Lessons From Accenture
When I was grinding through the second year of my grad programs I had no idea what I wanted to do. Strangely enough, graduate school had actually opened the possibilities for my career trajectory rather than closed doors or pushed me into a niche field. I felt empowered to pursue science, technology, business, and programming, but I didn’t know where to start. Accenture provided me with a phenomenal launchpad to figure this out. It gave me time to discover where my technical skills aligned most with business needs, and through the months that I worked there, I discovered many of the “rules of the road” for operating at Fortune 500 companies.
I’m a huge fan of simple rules so that’s how I’m going to break down my reflections from Accenture. The concept of simple rules from Dr. Kathleen Eisenhardt is that when business gets complicated, stick to some basic guiding rules that define your strategy. I love the principle of simple rules so much that now I try to glean simple rules from all the different chapters in my life.
In this case, my time at Accenture felt complicated. Everyday it seemed like I was served up new lessons, some more nuanced than others. Looking back, however, I found it hard to take away concrete operating lessons – but luckily some simple rules have proved to be clarifying.
Simple Rules from Accenture
1.) It’s all about the people. It doesn’t get much simpler than this. Like any mega organization of its kinda, Accenture has a wide variety of people. One thing that I took away from navigating this type of ecosystem is that you have to surround yourself with the people you hope to become. Those who left the biggest impression on me were the ones that were smart, open-minded, driven, focused, thoughtful and empathetic.
The best people were not just the smartest either, but they were the ones who had a deep fascination and love of learning and weren’t afraid to show it. More importantly, they left their egos at the door and were willing to recognize, cherish and nourish talent when they came across it. In the future, these are the types of people I hope to surround myself by. Life is too short to spend time with others who aren’t going to push you to develop and grow.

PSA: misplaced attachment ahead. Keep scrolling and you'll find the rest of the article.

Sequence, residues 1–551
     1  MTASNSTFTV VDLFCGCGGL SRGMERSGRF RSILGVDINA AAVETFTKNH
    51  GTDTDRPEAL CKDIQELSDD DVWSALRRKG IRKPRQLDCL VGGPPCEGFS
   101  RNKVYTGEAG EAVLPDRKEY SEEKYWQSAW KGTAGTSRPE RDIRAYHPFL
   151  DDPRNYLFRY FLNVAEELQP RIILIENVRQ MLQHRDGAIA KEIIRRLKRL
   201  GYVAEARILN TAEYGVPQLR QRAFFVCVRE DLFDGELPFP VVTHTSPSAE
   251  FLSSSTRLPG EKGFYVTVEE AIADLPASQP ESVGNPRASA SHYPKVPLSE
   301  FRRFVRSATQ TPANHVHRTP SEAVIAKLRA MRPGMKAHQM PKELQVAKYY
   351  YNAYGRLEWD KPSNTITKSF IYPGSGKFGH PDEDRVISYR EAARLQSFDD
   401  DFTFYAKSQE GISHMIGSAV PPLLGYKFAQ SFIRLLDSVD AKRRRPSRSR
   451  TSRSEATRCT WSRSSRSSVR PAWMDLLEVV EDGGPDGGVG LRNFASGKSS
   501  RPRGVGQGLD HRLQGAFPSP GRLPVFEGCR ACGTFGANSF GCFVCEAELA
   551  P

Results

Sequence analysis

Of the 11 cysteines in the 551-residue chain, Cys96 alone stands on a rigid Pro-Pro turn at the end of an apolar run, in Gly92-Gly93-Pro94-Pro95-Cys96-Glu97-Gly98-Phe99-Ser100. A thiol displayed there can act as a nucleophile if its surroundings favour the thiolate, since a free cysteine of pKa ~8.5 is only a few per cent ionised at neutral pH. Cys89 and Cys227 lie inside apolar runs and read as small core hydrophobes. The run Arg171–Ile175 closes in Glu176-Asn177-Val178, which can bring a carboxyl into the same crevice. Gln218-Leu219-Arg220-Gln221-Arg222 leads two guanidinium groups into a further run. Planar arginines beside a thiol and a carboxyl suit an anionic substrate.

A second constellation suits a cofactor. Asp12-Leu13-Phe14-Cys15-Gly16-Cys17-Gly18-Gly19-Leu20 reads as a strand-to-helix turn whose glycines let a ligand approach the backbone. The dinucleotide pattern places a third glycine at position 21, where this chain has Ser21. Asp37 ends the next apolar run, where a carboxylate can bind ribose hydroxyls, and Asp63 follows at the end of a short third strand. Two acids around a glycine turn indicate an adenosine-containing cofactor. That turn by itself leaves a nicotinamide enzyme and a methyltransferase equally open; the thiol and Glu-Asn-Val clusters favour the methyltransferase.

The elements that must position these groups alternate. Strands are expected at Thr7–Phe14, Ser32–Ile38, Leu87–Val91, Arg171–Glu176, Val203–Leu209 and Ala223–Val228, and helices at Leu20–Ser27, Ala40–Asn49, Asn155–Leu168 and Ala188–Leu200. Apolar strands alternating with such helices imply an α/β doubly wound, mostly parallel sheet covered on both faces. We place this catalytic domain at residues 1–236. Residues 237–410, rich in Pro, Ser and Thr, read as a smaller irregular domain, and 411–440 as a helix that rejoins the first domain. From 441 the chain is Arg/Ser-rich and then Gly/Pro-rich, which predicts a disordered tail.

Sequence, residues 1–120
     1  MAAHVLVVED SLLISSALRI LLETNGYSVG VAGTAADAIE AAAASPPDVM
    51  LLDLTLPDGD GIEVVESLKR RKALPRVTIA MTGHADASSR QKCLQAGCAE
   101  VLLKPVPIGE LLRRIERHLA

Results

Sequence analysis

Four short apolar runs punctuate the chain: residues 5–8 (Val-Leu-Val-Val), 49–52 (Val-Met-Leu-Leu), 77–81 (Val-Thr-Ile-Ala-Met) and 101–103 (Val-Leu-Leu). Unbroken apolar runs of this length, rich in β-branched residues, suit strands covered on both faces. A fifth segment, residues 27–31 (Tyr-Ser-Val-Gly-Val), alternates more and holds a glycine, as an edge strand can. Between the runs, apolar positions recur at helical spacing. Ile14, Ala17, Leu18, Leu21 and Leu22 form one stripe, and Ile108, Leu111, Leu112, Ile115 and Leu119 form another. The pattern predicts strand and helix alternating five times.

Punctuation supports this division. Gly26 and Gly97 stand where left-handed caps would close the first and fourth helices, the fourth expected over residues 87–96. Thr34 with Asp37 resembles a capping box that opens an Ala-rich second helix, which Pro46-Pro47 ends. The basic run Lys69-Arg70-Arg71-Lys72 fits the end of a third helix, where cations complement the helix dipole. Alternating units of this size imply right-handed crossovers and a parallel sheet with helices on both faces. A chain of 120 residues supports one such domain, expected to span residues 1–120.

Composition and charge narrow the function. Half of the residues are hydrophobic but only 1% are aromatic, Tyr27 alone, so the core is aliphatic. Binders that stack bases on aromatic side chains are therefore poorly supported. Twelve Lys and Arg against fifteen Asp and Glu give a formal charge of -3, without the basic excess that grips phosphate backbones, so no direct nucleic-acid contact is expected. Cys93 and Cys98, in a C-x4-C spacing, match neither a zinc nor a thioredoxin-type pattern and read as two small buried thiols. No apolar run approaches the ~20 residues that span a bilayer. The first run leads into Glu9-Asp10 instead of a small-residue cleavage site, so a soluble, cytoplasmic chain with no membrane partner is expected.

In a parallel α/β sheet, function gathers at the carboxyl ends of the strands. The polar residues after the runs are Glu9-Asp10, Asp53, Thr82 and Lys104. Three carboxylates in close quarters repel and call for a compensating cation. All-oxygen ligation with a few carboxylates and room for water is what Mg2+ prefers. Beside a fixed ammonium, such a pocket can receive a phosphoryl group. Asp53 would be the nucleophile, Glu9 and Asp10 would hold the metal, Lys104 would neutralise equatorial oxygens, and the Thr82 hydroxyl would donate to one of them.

2.) Don’t pick something that feels comfortable. This idea hit me early on when I started. After training for two weeks in Chicago at ACN’s center in St. Charles, IL, I came home hungry to dive into my first project. I was taken back, however, to find that few of the projects open fit my background, interests, or technical skills. Eager to learn and to grow, I found one that fit and ran with it. In hindsight this may not have been the best move for me personally, but from one perspective, I learned so much from immersing myself in a field that was uncomfortable – where I didn’t have all the answers or skills yet and where I was challenged to learn more.
Instead of sitting on the bench hoping for the perfect opportunity to come along, I was swimming in a sea of analyst hurt, working my butt off, but growing from the experience. This isn’t to say this strategy is for everyone. It certainly caused some problems for me down the road when I craved a better outlet for math and analytics. But in the short run, I rapidly grew from the experience. In your career and in life, don’t be afraid to get uncomfortable.